A newly-restored memorial commemorating Thornton workers who died fighting for their country is set to be officially unveiled early next month.
A public service will be held at the ICI memorial at Four Lane Ends in Thornton from 11am on Saturday, October 10.
Work to restore the memorial, which is separate from the town’s main cenotaph, is almost finished, Wyre Council said.
The names of 59 workers from the firm, who died during the First and Second World Wars, are also being displayed accurately for the first time ever.
Historian Eric Curbishley helped correct mistakes in some of the names after the council, which took on the responsibility for the memorial earlier this year, appealed to The Gazette’s readers for help.
Wyre Council’s Armed Forces champion Terry Rogers said: “I’m delighted this project, originated by David Baxter and local groups Friends of Thornton Little Theatre and The Windmill Players, has reached fruition and I’m very pleased to support such a worthy cause.
I’m delighted this project, originated by David Baxter and local groups Friends of Thornton Little Theatre and The Windmill Players, has reached fruition and I’m very pleased to support such a worthy cause
“All those involved are very grateful for the assistance received from Paul Deacon at Wyre Council for his tireless voluntary work as part of the Wyre Armed Forces Covenant Team, company representatives in the area, librarians, the curator of Fleetwood Museum, and the public.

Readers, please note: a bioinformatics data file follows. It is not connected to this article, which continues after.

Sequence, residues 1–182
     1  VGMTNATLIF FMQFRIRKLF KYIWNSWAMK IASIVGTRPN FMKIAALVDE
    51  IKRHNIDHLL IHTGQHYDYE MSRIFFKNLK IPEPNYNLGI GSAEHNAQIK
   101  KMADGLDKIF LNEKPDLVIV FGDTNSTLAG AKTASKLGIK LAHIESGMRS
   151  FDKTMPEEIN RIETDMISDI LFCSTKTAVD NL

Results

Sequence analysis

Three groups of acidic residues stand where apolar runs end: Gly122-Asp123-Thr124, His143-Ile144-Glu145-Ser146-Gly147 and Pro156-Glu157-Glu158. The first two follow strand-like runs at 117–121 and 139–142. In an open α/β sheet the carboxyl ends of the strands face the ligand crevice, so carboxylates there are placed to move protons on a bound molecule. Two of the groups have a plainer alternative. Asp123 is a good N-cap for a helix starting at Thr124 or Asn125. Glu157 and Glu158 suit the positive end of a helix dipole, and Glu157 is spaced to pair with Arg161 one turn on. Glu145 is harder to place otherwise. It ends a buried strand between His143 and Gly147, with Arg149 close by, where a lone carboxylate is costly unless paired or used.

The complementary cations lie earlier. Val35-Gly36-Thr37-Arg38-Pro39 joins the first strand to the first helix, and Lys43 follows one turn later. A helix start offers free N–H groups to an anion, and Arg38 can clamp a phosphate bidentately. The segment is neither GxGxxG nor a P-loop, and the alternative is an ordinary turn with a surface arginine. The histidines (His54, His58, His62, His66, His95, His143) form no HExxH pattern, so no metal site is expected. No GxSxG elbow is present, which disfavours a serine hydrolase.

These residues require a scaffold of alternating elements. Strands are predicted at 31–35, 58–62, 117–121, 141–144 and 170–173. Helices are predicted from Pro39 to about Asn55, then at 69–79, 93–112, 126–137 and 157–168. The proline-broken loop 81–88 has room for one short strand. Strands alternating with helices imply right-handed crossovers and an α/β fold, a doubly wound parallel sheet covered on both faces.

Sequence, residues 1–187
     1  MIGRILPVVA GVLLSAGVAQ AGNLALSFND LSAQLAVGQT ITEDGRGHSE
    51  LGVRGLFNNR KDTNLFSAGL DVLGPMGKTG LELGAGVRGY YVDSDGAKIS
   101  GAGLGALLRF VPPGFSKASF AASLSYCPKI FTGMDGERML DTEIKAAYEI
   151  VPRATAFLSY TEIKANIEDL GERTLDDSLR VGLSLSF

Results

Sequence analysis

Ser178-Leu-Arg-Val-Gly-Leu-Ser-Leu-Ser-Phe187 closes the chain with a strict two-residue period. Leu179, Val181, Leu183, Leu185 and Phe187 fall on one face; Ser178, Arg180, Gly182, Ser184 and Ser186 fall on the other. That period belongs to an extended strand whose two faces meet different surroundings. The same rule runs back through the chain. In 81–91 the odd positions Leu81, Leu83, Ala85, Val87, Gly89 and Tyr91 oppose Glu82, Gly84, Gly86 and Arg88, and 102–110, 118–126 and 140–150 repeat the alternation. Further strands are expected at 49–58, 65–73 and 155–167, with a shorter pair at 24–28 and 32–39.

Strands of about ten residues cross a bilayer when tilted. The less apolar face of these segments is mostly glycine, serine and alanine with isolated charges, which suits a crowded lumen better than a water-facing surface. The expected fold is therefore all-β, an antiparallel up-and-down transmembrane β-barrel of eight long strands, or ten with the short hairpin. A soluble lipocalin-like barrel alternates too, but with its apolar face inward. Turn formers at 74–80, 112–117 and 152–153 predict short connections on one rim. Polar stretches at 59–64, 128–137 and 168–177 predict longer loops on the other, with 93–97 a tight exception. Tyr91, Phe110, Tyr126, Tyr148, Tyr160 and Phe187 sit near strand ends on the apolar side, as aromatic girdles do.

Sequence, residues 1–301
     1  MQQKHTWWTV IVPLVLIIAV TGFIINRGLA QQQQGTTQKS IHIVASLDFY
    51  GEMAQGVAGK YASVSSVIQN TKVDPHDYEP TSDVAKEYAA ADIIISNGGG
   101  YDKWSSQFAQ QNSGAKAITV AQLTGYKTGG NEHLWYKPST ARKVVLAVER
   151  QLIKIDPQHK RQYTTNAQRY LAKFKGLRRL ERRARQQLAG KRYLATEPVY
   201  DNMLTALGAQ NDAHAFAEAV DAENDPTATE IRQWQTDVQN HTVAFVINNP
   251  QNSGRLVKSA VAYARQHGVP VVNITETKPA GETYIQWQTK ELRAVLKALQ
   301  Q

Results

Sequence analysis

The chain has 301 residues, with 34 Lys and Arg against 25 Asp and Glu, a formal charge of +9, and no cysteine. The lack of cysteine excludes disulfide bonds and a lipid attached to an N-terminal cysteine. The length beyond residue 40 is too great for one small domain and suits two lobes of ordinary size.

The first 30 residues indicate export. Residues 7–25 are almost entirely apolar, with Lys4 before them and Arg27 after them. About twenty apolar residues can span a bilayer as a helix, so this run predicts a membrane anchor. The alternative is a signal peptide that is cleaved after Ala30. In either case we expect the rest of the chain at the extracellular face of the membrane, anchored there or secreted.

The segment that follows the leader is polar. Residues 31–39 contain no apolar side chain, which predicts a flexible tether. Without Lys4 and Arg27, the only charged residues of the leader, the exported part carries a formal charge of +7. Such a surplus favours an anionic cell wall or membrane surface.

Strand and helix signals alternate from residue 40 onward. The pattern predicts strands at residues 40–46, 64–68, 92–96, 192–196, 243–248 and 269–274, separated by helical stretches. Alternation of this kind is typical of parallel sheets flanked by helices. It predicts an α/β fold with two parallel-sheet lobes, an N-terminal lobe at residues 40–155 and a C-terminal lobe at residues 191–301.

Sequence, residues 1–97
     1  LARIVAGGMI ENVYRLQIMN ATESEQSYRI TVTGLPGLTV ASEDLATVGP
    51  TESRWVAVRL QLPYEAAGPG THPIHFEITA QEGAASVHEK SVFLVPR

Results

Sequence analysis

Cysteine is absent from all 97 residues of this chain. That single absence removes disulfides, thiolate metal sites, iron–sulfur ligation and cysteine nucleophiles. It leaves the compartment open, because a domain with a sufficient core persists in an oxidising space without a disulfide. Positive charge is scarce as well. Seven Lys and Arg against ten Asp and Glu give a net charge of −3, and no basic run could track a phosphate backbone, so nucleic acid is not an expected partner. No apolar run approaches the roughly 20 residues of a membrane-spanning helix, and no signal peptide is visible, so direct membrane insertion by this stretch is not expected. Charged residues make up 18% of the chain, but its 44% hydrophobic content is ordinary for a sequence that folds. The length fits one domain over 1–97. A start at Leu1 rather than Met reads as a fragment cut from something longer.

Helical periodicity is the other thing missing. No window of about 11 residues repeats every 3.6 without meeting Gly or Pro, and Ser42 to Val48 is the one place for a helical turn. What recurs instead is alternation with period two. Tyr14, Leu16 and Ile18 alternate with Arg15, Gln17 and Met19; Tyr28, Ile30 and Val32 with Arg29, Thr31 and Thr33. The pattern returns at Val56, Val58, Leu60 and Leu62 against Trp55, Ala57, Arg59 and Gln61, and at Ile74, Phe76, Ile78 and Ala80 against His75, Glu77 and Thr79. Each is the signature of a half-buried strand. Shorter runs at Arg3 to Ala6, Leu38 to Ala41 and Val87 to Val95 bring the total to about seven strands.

“It shows how important ICI was to this district and how the people living here now will not forget those who gave their lives in the two world wars.”
The monument was originally sited at Hillhouse Business Park before being moved in 1997.
The council pledged to restore it as part of its First World War commemorations after taking on ownership from Akzo Nobel, which took over ICI in 2008 and sold part of the company to Henkel.
The work was funded by Wyre Council, Lancashire County Council, and Azko Nobel, while NPL Estates paid for new paving.
Next month’s service will see several dignitaries in attendance, as well as former-ICI employees and members of the Armed Forces.
The heritage of ICI can be traced to the opening of salt works at nearby Burn Naze by the United Alkali Company in the early 1890s. It became ICI at the Hillhouse site in the 1920s, with many of its workers took up the call to arms during the two world wars.